“Recruiting is the lifeblood of research,” says David Nerz. With decades of experience, David knows first-hand the importance of recruiting the correct respondents. Often, the ideal candidates are not easy to identify or recruit. In the life sciences, decision makers can be hidden inside corporate departments, with non-obvious titles.
The fact that they are difficult to get to highlights the importance of the proper recruitment of the right audience. After all, you wouldn’t ask the clerk at the local grocery store their opinion of your banner ad, just because they are easy to find. It doesn’t matter what they think – they are not the intended audience. If your primary audience is bench scientists, you shouldn’t be talking to lab administrators, or service technicians, or salespeople.
“Taking shortcuts in recruitment is very tempting, but can get you into trouble quickly,” David continues. Improper recruitment is an insidious problem, because the data you collect won’t remind you that you’ve gotten answers from the wrong people. A 70% favorable rating will still look like 70%, even though it is measuring responses from the wrong people. Garbage in, garbage out.
The questions you ask
The purpose of research is to get answers but the way you ask your questions will determine the types and accuracy of the answers you get. As an example of how a question’s wording can predetermine the answer, we need only look to the political arena and “push polling.” Push polling is a technique used to seed messages among the electorate under the guise of conducting a supposedly neutral research poll. A question such as: “Are you aware that Candidate X supports an amendment to denigrate mothers and block the consumption of apple pie?” is not designed to elicit answers, it is designed to spread a political message. This is clearly a fictitious example, but it shows how the way you word a question can determine the answer you get.
Pay special attention to the wording of your questions. Asking: “How likely would you be to take action based on this email?” may sound very similar to “What action would you take, based on this email?” But the latter question presupposes that the respondent will be taking some form of action; the former question does not. The wording of questions will determine the validity of the information you gather.
Look for possible misinterpretations that could yield a skewed answer. Even the order in which you ask questions can have an impact on the answers. That is why the order of presentation for different alternatives is often randomized, to avoid positional bias.
How important, how believable and how compelling?
To be effective, marketing messages must meet at least three criteria – they must be important, believable and compelling. If you are conducting research to determine the potential effectiveness of a marketing initiative, these are often the most important questions you will ask:
- How important is this message/benefit to you?
- How believable is this message/benefit?
- How likely would you be to take action based on this message/benefit?
Participation of the management team
Research efforts can yield valuable information. To be truly useful to your organization, your management team must participate. “Decision makers must participate, or they won’t accept the results,” says David Nerz. Their participation should take several forms. First, they must help establish the research objectives. Second they have to be active in the process. For focus groups, this means that they should be “behind the mirror,” in order to get a visceral understanding of the respondent.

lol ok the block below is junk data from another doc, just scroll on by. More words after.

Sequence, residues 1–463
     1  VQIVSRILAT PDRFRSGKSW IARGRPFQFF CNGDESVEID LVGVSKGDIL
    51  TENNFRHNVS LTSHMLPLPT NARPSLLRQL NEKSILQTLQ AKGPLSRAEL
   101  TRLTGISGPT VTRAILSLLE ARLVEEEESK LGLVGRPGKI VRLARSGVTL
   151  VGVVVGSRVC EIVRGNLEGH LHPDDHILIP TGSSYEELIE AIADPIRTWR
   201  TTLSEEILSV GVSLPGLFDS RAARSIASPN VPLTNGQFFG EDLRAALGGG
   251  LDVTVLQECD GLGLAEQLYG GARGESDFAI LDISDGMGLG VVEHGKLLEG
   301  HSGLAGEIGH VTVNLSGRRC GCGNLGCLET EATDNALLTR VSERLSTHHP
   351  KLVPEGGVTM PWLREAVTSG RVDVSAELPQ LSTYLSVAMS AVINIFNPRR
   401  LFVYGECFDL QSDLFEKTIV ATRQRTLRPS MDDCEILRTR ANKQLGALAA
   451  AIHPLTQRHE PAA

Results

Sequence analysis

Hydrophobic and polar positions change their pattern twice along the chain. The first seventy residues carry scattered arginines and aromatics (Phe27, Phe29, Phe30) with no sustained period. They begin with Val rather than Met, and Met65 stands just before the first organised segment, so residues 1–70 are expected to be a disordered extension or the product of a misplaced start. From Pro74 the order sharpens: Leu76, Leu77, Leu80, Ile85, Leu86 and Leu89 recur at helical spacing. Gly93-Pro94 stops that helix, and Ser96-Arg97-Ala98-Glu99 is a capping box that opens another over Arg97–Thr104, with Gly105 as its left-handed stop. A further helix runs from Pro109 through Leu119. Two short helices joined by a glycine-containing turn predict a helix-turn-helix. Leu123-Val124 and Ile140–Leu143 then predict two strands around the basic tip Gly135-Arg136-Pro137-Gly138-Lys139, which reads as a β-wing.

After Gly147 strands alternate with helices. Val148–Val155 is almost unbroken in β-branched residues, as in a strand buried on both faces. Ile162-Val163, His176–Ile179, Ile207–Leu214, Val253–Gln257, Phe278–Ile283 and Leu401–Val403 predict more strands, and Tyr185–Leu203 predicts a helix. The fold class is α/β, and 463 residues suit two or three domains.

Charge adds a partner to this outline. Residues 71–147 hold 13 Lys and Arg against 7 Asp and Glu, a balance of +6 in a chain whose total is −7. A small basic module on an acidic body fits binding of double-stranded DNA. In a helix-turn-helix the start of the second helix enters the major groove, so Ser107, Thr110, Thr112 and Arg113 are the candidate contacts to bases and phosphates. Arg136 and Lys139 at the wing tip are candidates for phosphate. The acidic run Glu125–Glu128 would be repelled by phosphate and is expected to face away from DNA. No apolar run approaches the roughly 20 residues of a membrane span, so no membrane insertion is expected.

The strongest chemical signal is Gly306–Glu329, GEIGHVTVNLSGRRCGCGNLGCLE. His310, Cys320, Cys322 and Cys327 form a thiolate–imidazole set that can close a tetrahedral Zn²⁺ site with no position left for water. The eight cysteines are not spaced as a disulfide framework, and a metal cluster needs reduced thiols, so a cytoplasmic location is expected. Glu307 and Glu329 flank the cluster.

Studies indicate that the average business never hears from 96 percent of its unhappy customers. Customer feedback is vital, and the management team must participate to get the full effect.
Respect the answers you gather
If you have done your homework properly, the answers you gather will be valid – and valuable. Once the answers are obtained a common mistake is to judge the validity of the research based upon what the data says. David Nerz points out, “You must accept the ‘bad result.’ It is not gospel just because it aligns with what you want to hear.”
The reason you perform qualitative research is to get answers. Throwing out an answer because it doesn’t agree with a theory is the hallmark of bad research – both in science and in market research. “What’s most important is to get the truthful answer, not the answer that the management team wants to hear,” says David Nerz.
- There are many ways to get feedback on your marketing initiatives.
- Measurement of the “conversions” generated by your existing initiatives is one way to get feedback. This requires existing initiatives. To test planned initiatives, you must perform qualitative market research.
- The purpose of research is to get answers. But qualitative research cannot answer every question. Some questions, like determining market size, estimating sales figures or uncovering price points are not suitable for qualitative research.
- There are some common factors in successful market research.
- Clarify your goals before you begin. Understand what you will be doing with the answers you receive. As David Nerz says, “Don’t ask if you aren’t going to act.”
- Pay attention to the timing of your research. Research that is rushed can lead to flawed data.
- Recruiting is the lifeblood of research. Getting the right respondents is one of the most important steps in successful research.
- The way you ask a question will determine the answers you get. Pay special attention to the wording of your questions.
- The three most important questions you will ask are typically: How important is this message/benefit to you? How believable is this message/benefit? How likely would you be to take action based on this message/benefit?
- Participation by the management team is important. They must set the research objectives and they must be active in the process.
- If you set up your research properly, you will get good information. You must accept a bad result. Throwing out an answer because it doesn’t agree with a theory is the hallmark of bad research – both in science and in market research.